Ending Corporate Welfare as We Know It

Article excerpt

In a 1994 speech, U.S. Secretary of Labor Robert Reich coined the term "corporate welfare." Like "welfare queen" and "quota queen," it quickly became a household phrase, popping up in both the mainstream and financial press.

It was an issue on which the biggovernment left and the pro-business right could agree. Both the left-leaning Progressive Policy Institute and the free-market Cato Institute produced studies identifying business subsidies that should be eliminated. The Cato study, which rejected PPI's classification of tax relief as corporate welfare, identified more than 125 federal programs that subsidize business at a cost of more than $85 billion per year.

Programs on Cato's hit list included: Sematech, a consortium of large U.S. computer microchip producers to which the Pentagon provides an annual subsidy of nearly $100 million.

Sugar price supports, from which the largest 1 percent of sugar farmers claim an estimated 40 percent of the annual $1.4 billion subsidy.

The Rural Electrification Administration and the federal power marketing administration, which, among other things, subsidize profitable utilities and luxurious ski resorts.

The Department of Agriculture's Market Promotion Program, which spends $110 million annually underwriting the international advertising of such products as Sunkist oranges and McDonald's Chicken McNuggets.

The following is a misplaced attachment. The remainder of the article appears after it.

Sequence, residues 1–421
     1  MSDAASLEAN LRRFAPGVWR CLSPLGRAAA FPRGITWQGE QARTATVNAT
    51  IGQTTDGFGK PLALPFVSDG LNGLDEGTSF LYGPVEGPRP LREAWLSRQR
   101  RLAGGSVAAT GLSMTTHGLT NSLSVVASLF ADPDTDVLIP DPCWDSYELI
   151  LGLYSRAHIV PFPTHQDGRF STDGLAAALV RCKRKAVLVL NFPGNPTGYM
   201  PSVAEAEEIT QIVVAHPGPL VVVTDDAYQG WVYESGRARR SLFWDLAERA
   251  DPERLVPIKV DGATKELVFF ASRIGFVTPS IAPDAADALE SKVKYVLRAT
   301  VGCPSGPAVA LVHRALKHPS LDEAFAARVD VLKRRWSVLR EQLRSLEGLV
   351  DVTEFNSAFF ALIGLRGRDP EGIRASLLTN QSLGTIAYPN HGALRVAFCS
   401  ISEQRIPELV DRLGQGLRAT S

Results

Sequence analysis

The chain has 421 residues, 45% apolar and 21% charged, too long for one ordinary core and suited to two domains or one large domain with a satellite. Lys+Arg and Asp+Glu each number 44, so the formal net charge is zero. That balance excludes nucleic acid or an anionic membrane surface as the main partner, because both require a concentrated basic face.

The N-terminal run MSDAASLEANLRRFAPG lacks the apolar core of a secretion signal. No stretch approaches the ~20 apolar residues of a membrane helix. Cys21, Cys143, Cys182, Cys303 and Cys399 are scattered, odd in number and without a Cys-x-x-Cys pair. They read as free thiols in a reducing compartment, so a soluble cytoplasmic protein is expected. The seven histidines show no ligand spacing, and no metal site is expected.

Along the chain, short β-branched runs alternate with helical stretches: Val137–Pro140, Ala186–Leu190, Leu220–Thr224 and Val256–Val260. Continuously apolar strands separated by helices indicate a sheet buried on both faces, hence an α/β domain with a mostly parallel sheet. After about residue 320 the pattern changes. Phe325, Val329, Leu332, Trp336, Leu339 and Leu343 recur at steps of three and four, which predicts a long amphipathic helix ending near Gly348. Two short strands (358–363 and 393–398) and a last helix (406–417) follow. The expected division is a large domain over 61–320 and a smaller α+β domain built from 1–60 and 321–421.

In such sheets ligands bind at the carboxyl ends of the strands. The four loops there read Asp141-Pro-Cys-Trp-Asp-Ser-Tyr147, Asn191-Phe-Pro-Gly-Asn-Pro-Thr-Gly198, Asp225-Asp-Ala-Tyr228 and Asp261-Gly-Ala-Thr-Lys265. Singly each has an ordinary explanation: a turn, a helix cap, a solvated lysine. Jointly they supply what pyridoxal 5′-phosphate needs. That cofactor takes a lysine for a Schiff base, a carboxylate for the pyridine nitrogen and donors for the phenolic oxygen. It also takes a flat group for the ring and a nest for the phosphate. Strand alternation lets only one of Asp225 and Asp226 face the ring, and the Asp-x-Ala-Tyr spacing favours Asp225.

Such programs would seem to be easy targets in a year in which deficit reduction took center stage. But unlike analysts, politicians-whose livelihoods depend on a steady stream of cash from interests of all kinds-agree that cutting programs is too politically risky.

"Eighty-five percent of the corporate welfare safety net survived the 1995 process intact," a disappointed Stephen Moore, director of fiscal policy studies at the Cato Institute, told Congress in March.

Indeed, while his Secretary of Labor decries business subsidies, President Clinton wants to expand them under the rubric of "public-private partnerships." Clinton's 1997 budget, for example, calls for $300 million a year for the Advanced Technology Program, which funds scientific research and development programs.

T.J. Rodgers, president and CEO of Cypress Semiconductor and an outspoken critic of "techno-pork," debunks the ivorytower view of government-industry partnership. "What does the word 'partnership' mean?" Rodgers asked in recent congressional testimony. "It means, `If you give me free money, I will be your partner and political contributor. …